WASHINGTON -- Even with an economic revival, many U.S. jobs lost during the recession may be gone forever and a weak employment market could linger for years.
That could add up to a "new normal" of higher joblessness and lower standards of living for many Americans, some economists are suggesting.
The words "it's different this time" are always suspect. But economists and policy makers say the job-creating dynamics of previous recoveries can't be counted on now.
-- The auto and construction industries helped lead the nation out of past recessions. But the carnage among Detroit's automakers and the surplus of new and foreclosed homes and empty commercial properties make it unlikely these two industries will be engines of growth anytime soon.
-- The job market is caught in a vicious circle: Without more jobs, U.S. consumers will have a hard time increasing their spending; but without that spending, businesses might see little reason to start hiring.
-- Many small and midsize businesses still are struggling to obtain bank loans, impeding their expansion plans and constraining overall economic growth.
-- Higher-income households are spending less because of big losses on their homes, retirement plans and other investments. Lower-income households are cutting back because they can't borrow like they once did.
That the recovery in jobs will be long and drawn out is something on which economists and policy makers can basically agree, even as their proposals for remedies vary widely.
Retrenching businesses will be slow in hiring back or replacing workers they laid off. Many of the 7.2 million jobs the economy has shed since the recession began in December 2007 may never come back.
"This Great Recession is an inflection point for the economy in many respects. I think the unemployment rate will be permanently higher, or at least higher for the foreseeable future," said Mark Zandi, chief economist and co-founder of Moody's Economy.com.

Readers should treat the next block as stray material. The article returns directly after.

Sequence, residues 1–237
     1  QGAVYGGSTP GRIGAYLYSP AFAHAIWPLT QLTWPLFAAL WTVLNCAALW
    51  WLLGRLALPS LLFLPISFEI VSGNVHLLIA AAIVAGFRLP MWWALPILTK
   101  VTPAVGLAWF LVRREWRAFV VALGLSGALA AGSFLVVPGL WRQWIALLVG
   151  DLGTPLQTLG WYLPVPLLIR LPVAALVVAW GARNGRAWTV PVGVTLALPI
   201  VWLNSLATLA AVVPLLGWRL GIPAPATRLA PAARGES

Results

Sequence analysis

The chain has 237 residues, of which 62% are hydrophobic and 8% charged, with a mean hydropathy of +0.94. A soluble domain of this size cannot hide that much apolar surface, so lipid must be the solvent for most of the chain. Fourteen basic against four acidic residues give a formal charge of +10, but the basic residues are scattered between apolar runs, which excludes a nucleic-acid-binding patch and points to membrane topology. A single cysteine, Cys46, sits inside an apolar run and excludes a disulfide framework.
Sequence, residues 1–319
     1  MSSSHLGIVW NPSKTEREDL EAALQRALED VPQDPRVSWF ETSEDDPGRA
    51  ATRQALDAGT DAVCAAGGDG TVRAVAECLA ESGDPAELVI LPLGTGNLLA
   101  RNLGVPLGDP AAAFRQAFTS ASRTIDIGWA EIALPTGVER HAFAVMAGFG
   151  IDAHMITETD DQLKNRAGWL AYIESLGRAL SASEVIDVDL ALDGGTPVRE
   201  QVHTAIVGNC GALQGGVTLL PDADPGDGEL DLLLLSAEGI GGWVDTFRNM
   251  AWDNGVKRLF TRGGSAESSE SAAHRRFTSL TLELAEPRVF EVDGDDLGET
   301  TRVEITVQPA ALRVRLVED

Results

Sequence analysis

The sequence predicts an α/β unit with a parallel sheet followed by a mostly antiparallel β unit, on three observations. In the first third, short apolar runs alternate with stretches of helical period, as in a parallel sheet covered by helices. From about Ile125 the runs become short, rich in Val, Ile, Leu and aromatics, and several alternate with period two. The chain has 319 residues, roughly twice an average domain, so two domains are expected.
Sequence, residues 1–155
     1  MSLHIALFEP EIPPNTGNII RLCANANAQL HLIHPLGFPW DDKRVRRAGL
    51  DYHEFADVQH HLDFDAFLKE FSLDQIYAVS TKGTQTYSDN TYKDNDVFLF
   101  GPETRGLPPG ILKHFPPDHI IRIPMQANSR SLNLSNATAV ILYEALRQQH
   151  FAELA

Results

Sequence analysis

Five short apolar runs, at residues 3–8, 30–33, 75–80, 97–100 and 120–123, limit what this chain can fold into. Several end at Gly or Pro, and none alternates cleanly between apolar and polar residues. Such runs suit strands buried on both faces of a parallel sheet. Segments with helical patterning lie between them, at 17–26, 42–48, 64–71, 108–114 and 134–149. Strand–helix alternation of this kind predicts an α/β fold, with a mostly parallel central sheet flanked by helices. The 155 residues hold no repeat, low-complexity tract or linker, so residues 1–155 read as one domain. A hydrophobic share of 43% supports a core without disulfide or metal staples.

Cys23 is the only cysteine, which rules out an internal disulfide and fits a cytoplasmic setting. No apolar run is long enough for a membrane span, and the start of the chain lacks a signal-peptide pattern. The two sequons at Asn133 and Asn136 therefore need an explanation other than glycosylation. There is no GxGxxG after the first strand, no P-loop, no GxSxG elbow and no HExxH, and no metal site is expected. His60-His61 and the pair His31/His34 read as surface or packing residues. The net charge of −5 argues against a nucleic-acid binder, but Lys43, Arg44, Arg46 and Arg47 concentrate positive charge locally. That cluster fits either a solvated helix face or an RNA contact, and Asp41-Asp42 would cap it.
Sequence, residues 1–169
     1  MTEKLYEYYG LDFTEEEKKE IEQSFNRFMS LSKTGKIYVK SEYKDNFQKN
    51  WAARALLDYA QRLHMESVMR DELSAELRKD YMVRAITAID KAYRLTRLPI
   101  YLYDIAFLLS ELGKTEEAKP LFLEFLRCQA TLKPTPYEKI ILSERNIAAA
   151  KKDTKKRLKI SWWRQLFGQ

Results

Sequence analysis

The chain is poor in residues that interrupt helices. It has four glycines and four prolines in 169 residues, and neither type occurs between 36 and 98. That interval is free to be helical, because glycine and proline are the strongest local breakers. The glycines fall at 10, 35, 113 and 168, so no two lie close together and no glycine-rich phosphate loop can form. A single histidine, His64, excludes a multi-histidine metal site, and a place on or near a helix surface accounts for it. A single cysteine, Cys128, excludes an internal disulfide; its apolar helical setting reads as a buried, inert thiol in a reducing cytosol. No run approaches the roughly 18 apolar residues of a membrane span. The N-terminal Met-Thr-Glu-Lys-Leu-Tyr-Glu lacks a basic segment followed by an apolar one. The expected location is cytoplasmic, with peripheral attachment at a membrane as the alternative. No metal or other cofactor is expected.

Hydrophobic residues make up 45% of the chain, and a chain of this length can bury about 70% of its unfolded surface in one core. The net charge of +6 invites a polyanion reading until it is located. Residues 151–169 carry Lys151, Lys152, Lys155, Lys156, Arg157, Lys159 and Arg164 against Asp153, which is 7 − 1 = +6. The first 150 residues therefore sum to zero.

"The collective psyche has changed as a result of what we've been through. And we're going to be different as a result," said Zandi, who formerly advised Sen. John McCain, R-Ariz., and now is consulted by Democrats in the administration and in Congress,
Even before the recession, many jobs had vanished or been shipped overseas amid a general decline of U.S. manufacturing. The severest downturn since the Great Depression has accelerated the process.
Many economists believe the recession reversed course in the recently ended third quarter and they predict modest growth in the nation's gross domestic product over the next few years. Yet the unemployment rate is at a 26-year high of 9.8 percent -- and likely to top 10 percent soon and stay there a while.
"Many factors are pushing against a quick recovery," said Heidi Shierholz, an economist at the labor-oriented Economic Policy Institute. "Things will come back. But it's going to take a long time. I think we will likely see elevated unemployment at least until 2014."
At best, many economists see an economic recovery without a return to moderate unemployment.
At worst, they suggest the fragile recovery could lose steam and drag the economy back under for a double-dip recession.